Organized writers are some of the most productive creators out there. They also often struggle with their creativity – not because they aren’t creative, but because they’re so locked into a schedule that they never treat creative work like anything other than work.
Sometimes we end up stifling our creativity without even realizing it. Here are a few suggestions for letting loose a little bit – it’s good for you, I promise. I see you hyperventilating over there. Calm yourself.
Schedule “whatever” time
I just started doing this, and it’s amazing what happens when you block out time just for doing whatever you feel like doing. You literally just pull out your planner and pick three days out of the week – I like Monday/Wednesday/Friday for consistency. Choose one hour out of each of those days, preferably the same every time, and label it “whatever” time. The rule is, it’s not Netflix time or reading time or hang out with friends time. This is isolated time set aside specifically for creating whatever you want. You can write, you can take pictures – it doesn’t matter. Once I sketched and colored in a self-portrait. I’m a terrible artist. But it was the most fun hour I’d had that week – and I got to laugh at how bad it was. Everyone needs time to just create freely without having to worry about deadlines or doing something well.
Try not to work on the same thing two days in a row
This won’t apply to everyone or every situation, but I have this philosophy that if we work on the same thing too many days in a row, we’ll lose interest quicker. Let’s say you’re about to start writing a new novel. YOU’RE SO EXCITED!!! All you want to do for the next six months is work on it every day until it’s done. The problem is, about a week in, you’ve made a lot of progress … but you’re already sick of it. You’ve burned through all your anticipation. It’s not fun anymore. I’m not saying you should “starve” your creativity – but the longer you can draw out your motivation to work on that book, the more likely you are to actually follow through and actually finish it. I’d still stick with the three days per week rule.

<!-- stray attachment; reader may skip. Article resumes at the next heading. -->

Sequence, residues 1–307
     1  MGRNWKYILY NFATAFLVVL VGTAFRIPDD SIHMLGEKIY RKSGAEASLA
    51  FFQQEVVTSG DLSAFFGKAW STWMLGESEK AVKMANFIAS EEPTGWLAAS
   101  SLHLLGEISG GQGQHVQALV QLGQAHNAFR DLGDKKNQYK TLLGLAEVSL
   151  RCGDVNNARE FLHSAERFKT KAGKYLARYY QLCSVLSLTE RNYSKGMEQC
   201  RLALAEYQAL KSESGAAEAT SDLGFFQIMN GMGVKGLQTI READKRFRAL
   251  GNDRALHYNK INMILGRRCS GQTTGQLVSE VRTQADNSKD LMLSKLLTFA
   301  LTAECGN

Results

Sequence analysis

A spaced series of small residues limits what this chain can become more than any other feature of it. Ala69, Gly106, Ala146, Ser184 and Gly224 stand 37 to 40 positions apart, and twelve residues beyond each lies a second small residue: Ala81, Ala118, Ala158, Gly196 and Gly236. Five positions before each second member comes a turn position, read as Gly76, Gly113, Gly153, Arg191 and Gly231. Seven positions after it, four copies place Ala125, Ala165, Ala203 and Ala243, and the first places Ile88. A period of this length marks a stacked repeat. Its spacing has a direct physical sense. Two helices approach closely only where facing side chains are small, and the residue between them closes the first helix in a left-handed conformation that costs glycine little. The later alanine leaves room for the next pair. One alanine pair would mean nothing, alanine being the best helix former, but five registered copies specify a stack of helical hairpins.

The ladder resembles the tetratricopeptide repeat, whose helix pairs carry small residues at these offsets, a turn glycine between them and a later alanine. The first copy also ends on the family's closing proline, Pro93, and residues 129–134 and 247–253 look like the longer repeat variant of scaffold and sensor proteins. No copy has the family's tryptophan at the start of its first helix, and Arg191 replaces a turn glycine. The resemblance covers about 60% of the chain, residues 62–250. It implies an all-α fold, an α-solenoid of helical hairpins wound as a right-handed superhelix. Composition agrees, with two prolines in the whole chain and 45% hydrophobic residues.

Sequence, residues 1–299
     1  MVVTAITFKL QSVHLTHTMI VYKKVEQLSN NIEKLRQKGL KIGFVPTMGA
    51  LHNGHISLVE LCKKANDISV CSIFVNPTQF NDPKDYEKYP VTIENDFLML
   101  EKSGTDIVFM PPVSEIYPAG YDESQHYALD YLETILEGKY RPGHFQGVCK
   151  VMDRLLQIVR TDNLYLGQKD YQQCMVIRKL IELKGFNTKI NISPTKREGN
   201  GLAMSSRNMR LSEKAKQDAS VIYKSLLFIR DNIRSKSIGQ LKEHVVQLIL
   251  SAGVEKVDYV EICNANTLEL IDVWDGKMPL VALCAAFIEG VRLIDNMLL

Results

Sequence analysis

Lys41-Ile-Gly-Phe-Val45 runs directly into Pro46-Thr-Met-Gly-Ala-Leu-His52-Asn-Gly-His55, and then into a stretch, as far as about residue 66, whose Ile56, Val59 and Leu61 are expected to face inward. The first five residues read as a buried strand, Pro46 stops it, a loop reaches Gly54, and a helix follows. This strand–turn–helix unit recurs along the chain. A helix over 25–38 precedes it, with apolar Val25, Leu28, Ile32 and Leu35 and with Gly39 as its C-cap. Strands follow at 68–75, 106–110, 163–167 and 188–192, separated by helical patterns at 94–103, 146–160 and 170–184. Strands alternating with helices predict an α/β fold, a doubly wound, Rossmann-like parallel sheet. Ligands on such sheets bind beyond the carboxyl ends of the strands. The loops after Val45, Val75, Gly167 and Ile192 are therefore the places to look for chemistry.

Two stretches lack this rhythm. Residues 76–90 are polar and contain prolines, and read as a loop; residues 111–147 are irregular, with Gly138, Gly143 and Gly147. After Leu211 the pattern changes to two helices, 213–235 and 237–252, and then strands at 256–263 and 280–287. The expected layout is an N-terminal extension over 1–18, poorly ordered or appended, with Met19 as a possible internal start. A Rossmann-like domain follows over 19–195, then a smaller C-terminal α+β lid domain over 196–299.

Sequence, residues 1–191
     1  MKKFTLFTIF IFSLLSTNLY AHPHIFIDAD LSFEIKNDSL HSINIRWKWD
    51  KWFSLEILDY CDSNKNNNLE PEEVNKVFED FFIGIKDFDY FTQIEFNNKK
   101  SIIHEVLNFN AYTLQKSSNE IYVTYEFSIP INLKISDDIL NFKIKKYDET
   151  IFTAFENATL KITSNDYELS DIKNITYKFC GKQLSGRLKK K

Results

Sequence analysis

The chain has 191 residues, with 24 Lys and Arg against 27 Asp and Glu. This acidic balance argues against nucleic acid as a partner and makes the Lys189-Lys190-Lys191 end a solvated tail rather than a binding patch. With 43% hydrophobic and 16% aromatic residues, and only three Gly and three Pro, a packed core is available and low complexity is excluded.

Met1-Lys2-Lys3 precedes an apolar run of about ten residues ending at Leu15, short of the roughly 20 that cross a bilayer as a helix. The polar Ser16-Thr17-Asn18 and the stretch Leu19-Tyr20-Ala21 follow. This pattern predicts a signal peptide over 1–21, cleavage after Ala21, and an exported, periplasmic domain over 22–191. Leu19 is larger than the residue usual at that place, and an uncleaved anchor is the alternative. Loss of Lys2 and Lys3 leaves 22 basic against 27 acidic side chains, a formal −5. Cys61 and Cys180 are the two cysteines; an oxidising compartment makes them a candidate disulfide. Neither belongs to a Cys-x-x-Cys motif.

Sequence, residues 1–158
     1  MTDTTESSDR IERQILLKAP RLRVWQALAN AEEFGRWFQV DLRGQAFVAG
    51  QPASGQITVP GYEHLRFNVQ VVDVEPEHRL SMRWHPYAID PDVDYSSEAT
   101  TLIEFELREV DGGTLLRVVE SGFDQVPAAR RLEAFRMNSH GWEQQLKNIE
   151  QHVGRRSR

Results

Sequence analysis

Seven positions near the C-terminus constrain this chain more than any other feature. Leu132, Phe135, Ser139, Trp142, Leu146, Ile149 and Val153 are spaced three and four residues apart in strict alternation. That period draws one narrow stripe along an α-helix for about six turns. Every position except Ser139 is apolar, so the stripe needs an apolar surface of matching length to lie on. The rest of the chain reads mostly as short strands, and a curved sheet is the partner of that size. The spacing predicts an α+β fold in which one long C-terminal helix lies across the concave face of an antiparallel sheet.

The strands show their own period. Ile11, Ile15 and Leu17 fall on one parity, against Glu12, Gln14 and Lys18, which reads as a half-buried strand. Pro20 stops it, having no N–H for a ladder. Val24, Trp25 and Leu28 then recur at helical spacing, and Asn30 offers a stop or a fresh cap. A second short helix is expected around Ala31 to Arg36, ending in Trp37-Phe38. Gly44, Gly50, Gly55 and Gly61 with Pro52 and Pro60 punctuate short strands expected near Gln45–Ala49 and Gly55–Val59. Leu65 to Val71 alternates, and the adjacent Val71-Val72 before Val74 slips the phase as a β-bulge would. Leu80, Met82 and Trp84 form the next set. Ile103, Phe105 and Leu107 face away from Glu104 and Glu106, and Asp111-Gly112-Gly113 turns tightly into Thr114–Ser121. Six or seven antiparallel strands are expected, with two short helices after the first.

Take weekends off
Some of you aren’t going to like this one, and I understand why. Especially when you work full-time, you often save weekends for your most productive writing sessions. But after almost a year of freelancing, I can tell you with confidence that working seven days a week – because technically, writing is still a form of work – will kill your energy and your creativity. If you need your weekend writing time, at least spend one day writing and the other taking a break. You need that break. You need to get away from your routine and do something else – something spontaneous. Take at least one if not two days every week to just exist. Your writing life will be much richer and more productive if you set it aside every once in awhile, go out into the world and experience new things.
Some days, you’re going to have to stick to a strict schedule and plan ahead or you’ll never get anything done. You can’t do this 24/7, though. You’re going to struggle so much more if you don’t give yourself some room to breathe. There’s productivity … and then there’s growth. If you want to grow, break away from the norm every now and then. If you have to schedule that time out, fine – but don’t neglect it. Your writing depends on your willingness to go off the grid every once in awhile.
Meg is the creator of Novelty Revisions, dedicated to helping writers put their ideas into words. She is a freelance writer and an eight-time NaNoWriMo winner with work published in Teen Ink, Success Story, Lifehack and USA TODAY College. Follow Meg on Twitter for tweets about writing, food and nerdy things.
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